Tuesday, December 20, 2011

Chicago politics???

So, one of the lessons I've learned in being an academic is to thoughtfully consider things, not to traipse down some intellectual rabbit hole like an ADD addled adolescent. After all aren't university faculty paid to think about things and not just throw unformed slop against the wall to see what sticks. Mental discipline, honed in a rigorous doctoral program, has given me a skill I lacked as a younger man, patience. This is the patience to think through the intellectual Rubik’s cube that are the challenges that life presents. Several of my colleagues have checked in with me since Corday’s post about some of the activities at the last Board of Trustees meeting, namely the scurrilous attacks on me by an unnamed party. What I discovered during the past couple of weeks was that I didn’t have any anger at being attacked. What I figured out from that was that I wasn’t really attacked. This leafleting was so poor in its construction and pitiable in its execution that the only feeling I did have was sadness. And the sadness wasn’t about me. I was sad for whatever intellectually deficient person even conceived of such a stupid idea masquerading as an ad hominem attack. The lack of cerebral depth in the originator of this pathetic idea was apparent. A slapstick attempt at best in a city where politics is blood sport was more insulting than hurtful. Part of my history, and it is no secret, is that I manage political campaigns. I know attack politics. As a tactic this was worse than bad. It was pathetic. I can’t believe I didn’t merit a better effort at personal destruction than a poorly constructed photocopied page of nonsensical questions. Is that what politics in this historic city has degenerated to, hapless amateurism?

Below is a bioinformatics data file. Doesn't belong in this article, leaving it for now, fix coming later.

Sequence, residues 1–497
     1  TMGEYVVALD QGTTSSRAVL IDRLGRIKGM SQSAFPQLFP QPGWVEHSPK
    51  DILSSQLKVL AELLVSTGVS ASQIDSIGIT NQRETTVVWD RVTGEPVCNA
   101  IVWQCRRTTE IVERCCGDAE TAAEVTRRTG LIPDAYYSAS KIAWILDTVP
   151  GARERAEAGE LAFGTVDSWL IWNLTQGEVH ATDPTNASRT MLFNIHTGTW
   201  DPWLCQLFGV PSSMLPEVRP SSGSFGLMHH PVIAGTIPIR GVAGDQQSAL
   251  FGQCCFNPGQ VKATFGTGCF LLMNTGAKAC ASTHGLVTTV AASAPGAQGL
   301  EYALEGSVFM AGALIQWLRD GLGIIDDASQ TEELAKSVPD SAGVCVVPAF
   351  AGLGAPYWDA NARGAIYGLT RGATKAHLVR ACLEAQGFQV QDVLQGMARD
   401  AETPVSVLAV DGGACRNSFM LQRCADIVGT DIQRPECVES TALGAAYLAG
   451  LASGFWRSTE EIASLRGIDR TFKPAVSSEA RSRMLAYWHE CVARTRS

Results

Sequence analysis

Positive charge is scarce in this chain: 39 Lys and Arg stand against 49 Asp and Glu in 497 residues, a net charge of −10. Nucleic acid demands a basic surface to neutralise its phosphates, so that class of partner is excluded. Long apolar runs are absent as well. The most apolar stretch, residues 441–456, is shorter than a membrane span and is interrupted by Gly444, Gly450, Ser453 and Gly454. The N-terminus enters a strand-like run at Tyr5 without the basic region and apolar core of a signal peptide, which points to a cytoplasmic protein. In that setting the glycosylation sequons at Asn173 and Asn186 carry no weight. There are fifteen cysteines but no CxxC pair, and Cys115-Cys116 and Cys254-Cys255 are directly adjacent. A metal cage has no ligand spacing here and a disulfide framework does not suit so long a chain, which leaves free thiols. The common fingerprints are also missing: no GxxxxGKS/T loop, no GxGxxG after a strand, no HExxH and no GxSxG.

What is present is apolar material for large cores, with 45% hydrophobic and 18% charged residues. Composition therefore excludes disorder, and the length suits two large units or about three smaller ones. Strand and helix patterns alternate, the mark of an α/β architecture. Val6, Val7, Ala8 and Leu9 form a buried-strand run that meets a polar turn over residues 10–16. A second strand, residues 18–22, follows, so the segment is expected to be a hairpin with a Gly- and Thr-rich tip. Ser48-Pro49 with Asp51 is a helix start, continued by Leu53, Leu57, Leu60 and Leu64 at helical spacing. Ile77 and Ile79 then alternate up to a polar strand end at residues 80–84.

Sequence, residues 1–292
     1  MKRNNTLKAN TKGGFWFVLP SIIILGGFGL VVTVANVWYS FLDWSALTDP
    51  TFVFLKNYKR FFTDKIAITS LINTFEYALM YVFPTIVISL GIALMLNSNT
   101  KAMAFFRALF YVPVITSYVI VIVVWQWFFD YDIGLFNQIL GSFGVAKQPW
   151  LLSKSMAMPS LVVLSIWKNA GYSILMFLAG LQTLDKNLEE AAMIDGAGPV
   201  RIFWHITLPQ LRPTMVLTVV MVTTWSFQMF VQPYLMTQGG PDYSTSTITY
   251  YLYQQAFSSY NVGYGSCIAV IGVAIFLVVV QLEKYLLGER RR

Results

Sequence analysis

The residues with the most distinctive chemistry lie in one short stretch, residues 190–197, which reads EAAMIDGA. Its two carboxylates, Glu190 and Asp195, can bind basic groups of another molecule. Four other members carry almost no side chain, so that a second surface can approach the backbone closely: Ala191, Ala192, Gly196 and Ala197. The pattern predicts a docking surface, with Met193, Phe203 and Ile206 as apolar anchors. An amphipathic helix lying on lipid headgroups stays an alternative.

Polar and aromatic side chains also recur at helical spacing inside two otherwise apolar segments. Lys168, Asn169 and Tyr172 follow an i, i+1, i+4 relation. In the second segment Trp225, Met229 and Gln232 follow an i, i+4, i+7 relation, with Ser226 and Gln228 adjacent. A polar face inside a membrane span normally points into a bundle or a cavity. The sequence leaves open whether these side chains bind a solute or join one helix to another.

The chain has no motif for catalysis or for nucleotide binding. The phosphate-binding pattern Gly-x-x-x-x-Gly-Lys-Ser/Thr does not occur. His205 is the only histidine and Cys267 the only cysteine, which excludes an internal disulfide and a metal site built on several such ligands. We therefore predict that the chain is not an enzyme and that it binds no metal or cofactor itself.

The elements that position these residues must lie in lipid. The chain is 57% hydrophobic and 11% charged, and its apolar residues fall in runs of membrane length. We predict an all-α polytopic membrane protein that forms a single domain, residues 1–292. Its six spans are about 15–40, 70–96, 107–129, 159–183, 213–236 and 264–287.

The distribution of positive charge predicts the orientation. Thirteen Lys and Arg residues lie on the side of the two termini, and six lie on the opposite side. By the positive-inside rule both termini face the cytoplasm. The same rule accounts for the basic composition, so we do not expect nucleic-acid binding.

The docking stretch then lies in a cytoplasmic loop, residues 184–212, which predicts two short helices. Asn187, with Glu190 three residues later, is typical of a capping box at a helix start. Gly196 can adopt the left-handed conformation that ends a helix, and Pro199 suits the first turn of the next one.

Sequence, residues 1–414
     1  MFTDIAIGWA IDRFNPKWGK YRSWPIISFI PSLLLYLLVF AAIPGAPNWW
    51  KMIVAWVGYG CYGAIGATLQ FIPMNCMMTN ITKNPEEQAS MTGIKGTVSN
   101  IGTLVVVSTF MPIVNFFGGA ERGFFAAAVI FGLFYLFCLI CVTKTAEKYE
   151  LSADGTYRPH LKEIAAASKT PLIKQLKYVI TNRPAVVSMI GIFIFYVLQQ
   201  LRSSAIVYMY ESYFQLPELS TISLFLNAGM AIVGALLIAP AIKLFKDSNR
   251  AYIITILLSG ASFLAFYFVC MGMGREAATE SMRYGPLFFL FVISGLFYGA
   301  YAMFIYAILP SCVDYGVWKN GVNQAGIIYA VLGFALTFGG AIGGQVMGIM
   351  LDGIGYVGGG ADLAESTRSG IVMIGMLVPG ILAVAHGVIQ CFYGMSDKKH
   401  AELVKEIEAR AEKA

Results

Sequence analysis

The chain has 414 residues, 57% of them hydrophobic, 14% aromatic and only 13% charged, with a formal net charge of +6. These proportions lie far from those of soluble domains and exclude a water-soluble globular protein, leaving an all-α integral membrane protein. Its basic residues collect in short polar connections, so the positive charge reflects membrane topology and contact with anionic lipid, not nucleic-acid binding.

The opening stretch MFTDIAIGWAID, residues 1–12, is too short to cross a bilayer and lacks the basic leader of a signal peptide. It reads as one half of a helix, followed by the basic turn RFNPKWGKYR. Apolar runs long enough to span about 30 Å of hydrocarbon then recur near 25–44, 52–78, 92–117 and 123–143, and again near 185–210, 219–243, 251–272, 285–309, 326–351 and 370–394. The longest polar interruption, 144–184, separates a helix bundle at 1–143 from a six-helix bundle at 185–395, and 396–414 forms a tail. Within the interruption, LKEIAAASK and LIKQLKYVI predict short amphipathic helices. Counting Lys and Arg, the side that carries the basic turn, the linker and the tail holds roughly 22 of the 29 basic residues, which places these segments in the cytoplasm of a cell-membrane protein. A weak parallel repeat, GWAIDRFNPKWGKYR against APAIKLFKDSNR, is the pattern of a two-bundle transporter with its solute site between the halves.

1. Congratulations, Phillip. To be attacked is a good thing. It means that we have drawn some blood, shaken things up a little bit. Let's keep up the good work in the year ahead.

  2. Hang in there, Phillip! Sorry to read about the "screed" and I agree with your estimation of the author's writing and critical thinking abilities. If one is to create a public document, it should not contain spelling errors, vague assertions and speculative reasoning filled with obvious invective and artless attempts at argumentation. Your response is wise.